Blog’s better than backup

November 19, 2009

It’s very common that people post the scripts they’ve written for their daily tasks. Seems like blogs have become the leading backup solution for Bash scripts these days. I’ve decided to join this growing group of people, and share with you a tiny script from my ~/bin which is called “cleanup”. The code is at the bottom of the post.

When you launch cleanup, it will remove any files that match “*~” (i.e., the backup files which KWrite, Kate and many other apps create), and it will print out any files that have been removed. Additionally, it will look for a Makefile, and execute “make clean” if it has a clean rule. Everything operates on the pwd only. All in all, a very handy tool to clean the ls output.

Disclaimer: The “*~” backup files have use cases, and the “clean” rule may not do what you think it does. So when using the cleanup script, be aware of the possible consequences.

function hasMakeClean()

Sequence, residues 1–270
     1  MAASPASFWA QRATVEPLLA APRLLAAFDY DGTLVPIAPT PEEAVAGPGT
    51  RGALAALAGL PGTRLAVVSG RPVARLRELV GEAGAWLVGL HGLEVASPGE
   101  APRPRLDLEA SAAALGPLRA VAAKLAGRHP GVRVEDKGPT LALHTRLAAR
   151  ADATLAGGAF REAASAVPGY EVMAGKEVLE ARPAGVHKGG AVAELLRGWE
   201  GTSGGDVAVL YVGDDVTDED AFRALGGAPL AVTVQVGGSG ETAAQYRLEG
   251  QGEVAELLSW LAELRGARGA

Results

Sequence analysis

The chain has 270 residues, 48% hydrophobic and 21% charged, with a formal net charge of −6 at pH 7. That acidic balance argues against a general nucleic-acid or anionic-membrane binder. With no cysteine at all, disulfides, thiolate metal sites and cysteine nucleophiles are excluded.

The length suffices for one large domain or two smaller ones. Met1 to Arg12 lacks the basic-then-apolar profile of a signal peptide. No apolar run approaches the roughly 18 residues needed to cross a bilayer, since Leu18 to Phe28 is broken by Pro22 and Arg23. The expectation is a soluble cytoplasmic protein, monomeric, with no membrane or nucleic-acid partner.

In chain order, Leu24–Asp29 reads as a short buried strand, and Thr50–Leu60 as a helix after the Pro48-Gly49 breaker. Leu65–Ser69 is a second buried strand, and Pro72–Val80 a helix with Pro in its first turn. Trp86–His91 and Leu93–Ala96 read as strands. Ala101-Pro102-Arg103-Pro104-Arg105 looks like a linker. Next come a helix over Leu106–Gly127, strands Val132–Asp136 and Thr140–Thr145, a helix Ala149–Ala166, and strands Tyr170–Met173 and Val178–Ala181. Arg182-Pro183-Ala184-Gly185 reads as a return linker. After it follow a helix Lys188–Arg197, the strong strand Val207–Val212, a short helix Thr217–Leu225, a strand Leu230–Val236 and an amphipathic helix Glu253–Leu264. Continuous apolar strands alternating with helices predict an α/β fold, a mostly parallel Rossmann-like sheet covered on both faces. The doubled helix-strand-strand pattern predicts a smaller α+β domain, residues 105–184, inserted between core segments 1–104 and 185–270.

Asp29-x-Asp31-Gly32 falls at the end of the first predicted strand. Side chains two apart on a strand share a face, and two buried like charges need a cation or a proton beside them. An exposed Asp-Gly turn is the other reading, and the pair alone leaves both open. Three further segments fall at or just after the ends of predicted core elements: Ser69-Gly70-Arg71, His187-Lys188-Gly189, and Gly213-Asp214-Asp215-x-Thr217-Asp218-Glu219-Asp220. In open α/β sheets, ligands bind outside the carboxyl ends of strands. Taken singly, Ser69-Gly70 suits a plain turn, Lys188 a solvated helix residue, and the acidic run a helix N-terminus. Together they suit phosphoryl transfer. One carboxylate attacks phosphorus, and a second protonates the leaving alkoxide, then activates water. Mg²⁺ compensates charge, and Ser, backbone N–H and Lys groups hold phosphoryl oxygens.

FALSE=1; TRUE=0
    [ -f Makefile ] || return $FALSE
    grep '^clean *\:' Makefile &>/dev/null || return $FALSE
    return $TRUE

case $1 in
        echo Usage: $0 '[-s|--simulate]'
        find . -name '*~'
        hasMakeClean && echo "> make clean located."
        find . -name '*~' -exec rm {} \; -exec echo {} \;
        hasMakeClean && echo "> make clean" && make clean


2 Responses to “Blog’s better than backup”

  1. You should probably use ‘make –dry-run clean’ rather than grepping the Makefile

  2. g Says:

    A safer version is to replace the find command by:
    find . -name ‘*~’ -okdir rm ‘{}’ \;
    This asks the user for each file if he wants to delete the file before actually deleting it. Another construction I use is:
    find . \( -name ‘*~’ -o -name ‘*.bak’ -o -name ‘*.backup’ \) -okdir rm ‘{}’ \;
    which also removes *.bak and *.backup files generated by other software.

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